I was recently reading an article on Dynamic Search Ads (DSAs) published by Search Engine Land that explored how to create, analyse and optimise the ad type. One area that would be useful to add however, is the tactic to help scale your DSA approach whilst maintaining an explicit level of control. DSAs serve ads based on the content on your web pages, however, websites are alive and frequently change - including their product or service offering.
Below I delve into how we can take our DSA structure one step further by leveraging a feed - an approach that allows you to underpin both relevancy and control when launching the ad type.
What is a Dynamic Search Ad type?
Dynamic Search Ads are an ad-type where the targeting is based on the content of a designated section of your website, rather than specific keywords. As Google prioritises consolidation and automation, DSAs have proven to be an effective tool for increasing the growth of your account, even more so as 15% of Google searches are new.
A feed-based approach to DSA targeting allows you to target your ads based on the specific information in your product or service catalogue that is defined via a Custom Label. This can be more effective than targeting based on the URL subfolder, as it allows you to precisely match your ads to the products or services that a user is searching for.
Leveraging this approach will enable you to have explicit control over the URLs you’re targeting whilst maintaining a level of control that the other approaches may not allow. This can then help you to align to a business-wide goal such as being more aggressive towards a certain set of products. This can be especially useful if you have a large number of products or services and need to make frequent updates to your targeting.
What's the use case?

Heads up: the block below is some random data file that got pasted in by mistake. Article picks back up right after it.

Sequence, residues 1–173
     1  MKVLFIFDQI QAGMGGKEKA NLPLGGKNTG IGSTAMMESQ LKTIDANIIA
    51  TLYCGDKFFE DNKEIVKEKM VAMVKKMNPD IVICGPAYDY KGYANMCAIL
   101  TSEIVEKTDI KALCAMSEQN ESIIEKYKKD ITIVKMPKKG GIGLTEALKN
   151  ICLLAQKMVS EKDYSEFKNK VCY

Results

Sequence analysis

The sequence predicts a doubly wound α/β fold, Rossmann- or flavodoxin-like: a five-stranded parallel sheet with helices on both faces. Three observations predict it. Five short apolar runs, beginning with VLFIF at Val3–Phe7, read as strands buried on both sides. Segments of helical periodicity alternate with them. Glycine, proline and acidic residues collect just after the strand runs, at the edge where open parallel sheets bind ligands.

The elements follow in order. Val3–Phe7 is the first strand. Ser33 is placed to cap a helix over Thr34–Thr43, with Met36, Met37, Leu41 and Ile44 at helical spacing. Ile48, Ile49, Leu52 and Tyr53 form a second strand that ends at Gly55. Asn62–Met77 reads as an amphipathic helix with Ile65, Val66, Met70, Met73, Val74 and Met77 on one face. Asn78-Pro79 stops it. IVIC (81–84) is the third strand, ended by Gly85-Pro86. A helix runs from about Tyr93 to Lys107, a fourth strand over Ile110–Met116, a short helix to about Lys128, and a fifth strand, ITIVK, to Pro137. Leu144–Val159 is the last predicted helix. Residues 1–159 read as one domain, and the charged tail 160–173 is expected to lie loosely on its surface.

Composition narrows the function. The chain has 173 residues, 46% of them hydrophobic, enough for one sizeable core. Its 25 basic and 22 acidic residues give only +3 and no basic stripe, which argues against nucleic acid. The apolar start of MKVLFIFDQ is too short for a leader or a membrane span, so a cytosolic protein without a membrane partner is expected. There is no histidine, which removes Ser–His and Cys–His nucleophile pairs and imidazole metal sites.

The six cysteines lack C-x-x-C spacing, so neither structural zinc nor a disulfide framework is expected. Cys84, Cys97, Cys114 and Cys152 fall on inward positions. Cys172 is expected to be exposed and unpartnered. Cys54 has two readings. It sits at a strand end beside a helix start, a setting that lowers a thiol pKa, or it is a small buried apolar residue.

If hypothetically you’re targeting the subfolder ‘/shoes/blue’ as a dynamic ad target, what happens if overnight the site expands? Or if the content team launches a new blog to support that product appending ‘/blog’ to the URL string we’re targeting? I can tell you - an increase in unplanned and potentially irrelevant traffic.
The feed approach allows you to categorise your URLs in a more comprehensive way. Say, for example, you had a Top Product Campaign where all products within the campaign are products that fetch a high margin. Why not reflect this into the Custom Label? Labelling the URLs that are top products would allow you to explicitly target these items so we can bid more aggressively toward them and less aggressively towards products that fall outside that label.
There are naturally more ways to leverage this approach and hopefully the above will give you food for thought on how you approach your DSA strategy.
How to do this?
Leveraging a feed-based approach allows you to apply a custom label to each URL you wish to target, ensuring that the DSA won’t target any other URL you haven’t defined. To do this, follow the steps outlined below:
1. Source a list of URLs that you wish to target.
2. In Excel, create two columns, one titled Custom Label and another Page URL. These two naming conventions are necessary to ensure the upload is successful.
3. Categorise your URLs accordingly. In the below example I have categorised the URLs by Value (leveraging Top, Medium and Low). I have also added the colour by using a ‘;’ to define that there are two labels to be associated!
4. Once you have categorised your Excel, save it as a .csv and upload it to business data. Follow the below to upload!
5. Once you’ve uploaded your feed you need to make sure that your DSA campaign/Ad Group is using the feed as the source of its targeting. This is a super important step.
6. Finally, go to your DSA campaign/Ad Group navigate to the Dynamic Ad Targets
7. Add a new target, be sure to select ‘Custom labels from the feed’ and add the label you’ve implemented in your .csv file.
Dynamic Search Ads are a powerful tool that can greatly benefit your account and ultimately, your business. With that said, it’s incredibly important to align the campaign and its targeting with wider business goals. Hopefully, the tactic outlined in this blog gives you the tools to be able to accurately segment and target different URLs, whilst still aligning to those wider business goals.